When the publisher gave me a copy of “George” by Alex Gino to read, I knew it very then that I would love it to bits and I did. “George” is a story that could be taking place around us and we would not even know of it. I think a lot has been written about the L and G of the LGBT community, but not enough on the transgender and transsexual bit (there is also a difference between the two by the way), so “George” came as a refreshing surprise when I picked it up.
George is a boy and she knows she is a girl. She can feel it deep down and all she wants is to be a girl and do the things that girls do. She hates it when people refer to her as a boy and try and expect her to do all the things that boys do. All she wants is to be Charlotte in the school play Charlotte’s web and she cannot because people see her as a boy. Even her teach won’t understand her dilemma. Neither will her brother Scott and Mom. But she has her best friend Kelly who believes in her and will do anything so she can play Charlotte.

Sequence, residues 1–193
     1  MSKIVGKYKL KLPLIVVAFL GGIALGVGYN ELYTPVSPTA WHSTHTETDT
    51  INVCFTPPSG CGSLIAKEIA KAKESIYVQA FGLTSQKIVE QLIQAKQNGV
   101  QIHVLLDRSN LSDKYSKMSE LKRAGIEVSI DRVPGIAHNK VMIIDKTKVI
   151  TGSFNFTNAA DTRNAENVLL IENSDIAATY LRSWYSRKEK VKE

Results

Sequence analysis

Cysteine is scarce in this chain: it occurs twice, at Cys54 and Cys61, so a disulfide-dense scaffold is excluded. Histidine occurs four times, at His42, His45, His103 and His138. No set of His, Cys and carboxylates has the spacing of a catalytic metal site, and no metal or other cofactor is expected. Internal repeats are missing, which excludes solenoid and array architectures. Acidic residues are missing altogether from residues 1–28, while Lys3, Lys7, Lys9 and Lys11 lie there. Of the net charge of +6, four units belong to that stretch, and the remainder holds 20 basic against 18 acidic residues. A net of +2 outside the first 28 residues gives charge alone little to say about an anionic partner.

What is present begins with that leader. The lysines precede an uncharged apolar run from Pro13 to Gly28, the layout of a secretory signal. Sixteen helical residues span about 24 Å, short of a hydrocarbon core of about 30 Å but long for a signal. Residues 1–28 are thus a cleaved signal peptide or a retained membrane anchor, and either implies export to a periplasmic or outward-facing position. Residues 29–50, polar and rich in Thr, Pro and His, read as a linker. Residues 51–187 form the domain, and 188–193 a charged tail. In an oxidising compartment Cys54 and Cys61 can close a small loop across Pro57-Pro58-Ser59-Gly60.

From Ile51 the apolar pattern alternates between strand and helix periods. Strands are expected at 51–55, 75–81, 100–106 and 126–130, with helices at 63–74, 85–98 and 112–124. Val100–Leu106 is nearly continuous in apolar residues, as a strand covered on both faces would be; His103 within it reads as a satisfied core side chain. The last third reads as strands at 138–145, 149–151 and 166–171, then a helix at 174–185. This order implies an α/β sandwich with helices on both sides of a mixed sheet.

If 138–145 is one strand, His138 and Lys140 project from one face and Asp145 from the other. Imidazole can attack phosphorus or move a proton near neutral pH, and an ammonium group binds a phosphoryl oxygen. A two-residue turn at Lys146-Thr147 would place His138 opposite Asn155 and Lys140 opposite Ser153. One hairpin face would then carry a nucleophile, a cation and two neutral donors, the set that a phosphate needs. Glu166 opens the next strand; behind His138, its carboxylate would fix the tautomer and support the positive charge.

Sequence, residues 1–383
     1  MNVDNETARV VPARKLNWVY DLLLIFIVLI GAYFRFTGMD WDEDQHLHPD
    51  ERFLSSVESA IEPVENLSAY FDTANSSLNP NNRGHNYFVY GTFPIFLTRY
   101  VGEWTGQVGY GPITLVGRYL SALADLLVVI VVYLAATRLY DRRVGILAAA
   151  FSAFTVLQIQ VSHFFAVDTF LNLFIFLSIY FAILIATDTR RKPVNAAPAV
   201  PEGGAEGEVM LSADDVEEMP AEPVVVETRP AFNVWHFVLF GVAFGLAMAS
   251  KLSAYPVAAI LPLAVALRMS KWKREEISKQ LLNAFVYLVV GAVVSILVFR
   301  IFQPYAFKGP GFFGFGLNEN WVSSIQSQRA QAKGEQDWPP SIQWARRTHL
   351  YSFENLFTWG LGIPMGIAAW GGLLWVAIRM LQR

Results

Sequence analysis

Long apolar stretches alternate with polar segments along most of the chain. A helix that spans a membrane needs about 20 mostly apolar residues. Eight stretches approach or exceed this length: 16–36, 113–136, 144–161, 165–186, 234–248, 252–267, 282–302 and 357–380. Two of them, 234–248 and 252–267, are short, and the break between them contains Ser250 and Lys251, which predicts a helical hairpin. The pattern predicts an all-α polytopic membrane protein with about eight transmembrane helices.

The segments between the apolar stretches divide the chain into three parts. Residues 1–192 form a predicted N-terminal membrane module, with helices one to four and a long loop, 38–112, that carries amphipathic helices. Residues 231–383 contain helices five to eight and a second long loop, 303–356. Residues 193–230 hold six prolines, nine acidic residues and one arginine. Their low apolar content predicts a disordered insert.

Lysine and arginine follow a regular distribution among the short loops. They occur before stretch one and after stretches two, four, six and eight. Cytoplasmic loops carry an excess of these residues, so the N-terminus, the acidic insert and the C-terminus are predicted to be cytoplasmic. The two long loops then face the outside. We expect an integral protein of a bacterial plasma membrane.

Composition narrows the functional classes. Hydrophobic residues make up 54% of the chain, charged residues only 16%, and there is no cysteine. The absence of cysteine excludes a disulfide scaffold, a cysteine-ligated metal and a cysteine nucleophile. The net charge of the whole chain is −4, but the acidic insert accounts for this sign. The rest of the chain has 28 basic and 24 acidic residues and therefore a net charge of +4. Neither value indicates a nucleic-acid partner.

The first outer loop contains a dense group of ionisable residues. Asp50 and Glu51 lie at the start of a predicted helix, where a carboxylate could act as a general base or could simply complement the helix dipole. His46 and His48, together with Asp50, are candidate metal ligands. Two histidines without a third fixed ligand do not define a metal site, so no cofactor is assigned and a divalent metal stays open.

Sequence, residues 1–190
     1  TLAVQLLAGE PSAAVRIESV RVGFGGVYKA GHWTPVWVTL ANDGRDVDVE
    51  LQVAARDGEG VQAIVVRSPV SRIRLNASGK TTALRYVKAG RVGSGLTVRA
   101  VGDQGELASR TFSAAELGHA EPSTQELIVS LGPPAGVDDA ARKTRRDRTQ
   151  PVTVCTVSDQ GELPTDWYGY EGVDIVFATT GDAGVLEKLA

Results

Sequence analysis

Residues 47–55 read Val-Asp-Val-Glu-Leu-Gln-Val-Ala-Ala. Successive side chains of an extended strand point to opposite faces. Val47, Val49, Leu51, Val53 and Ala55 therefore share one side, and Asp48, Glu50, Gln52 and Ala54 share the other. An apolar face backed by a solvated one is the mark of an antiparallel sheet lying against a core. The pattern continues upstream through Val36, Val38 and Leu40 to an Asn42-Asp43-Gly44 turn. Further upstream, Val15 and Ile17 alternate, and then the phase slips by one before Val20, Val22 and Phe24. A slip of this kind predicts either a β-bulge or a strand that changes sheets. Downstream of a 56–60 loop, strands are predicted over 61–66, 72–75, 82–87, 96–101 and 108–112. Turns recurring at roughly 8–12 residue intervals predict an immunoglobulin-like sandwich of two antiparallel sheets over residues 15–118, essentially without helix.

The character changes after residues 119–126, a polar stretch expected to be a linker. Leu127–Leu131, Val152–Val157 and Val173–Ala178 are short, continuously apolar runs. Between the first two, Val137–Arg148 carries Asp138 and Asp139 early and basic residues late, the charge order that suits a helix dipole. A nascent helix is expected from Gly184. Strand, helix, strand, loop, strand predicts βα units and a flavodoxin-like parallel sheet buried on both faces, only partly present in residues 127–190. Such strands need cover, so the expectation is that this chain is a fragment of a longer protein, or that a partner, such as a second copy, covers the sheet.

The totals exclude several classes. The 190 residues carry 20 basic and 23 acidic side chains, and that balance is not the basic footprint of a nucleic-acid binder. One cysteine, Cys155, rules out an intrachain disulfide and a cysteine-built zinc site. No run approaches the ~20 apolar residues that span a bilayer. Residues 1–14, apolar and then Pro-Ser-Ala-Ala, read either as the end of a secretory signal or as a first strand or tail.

In the midst of bullies, her situation and the need to be who she is, “George” finally comes into her own at the end of the book. How? Well that is for you to read and find out.
I absolutely loved this book. I have never read anything like this – about a transgender teen and I think it is so needed in our times more than ever. People need to be made aware and know what is going on before they judge severely or jump to any conclusions.
The tone of the book is emotional and sometimes funny but mostly it will leave you with a warm tingling feeling in your heart which is the idea anyway. Initially you might have a problem shifting between genders in your head, but when it is clear, you will breeze through that. The writing is quick and simple and easily readable and relatable at that – when it comes to coming of age.
I also would strongly urge all parents to read this book, because it would probably help them know their child better and respect differences in them, if any. I also think that it is time someone in India wrote about this – from a child, a teenager and an adult’s perspective. It is so needed given how ignorant we are when it comes to this sphere of the gender. It is more so about gender politics than actually being empathetic to their needs.
There were times when I felt the book was being rushed but I guess that’s how the author combo (yeah Alex and Gino are two people) wanted it that way. All said and done, I immensely enjoyed the journey of a ten-year old about being who he always knew he was – a girl. I was hooting for “George” till the very end and hoping that this is just the beginning for her.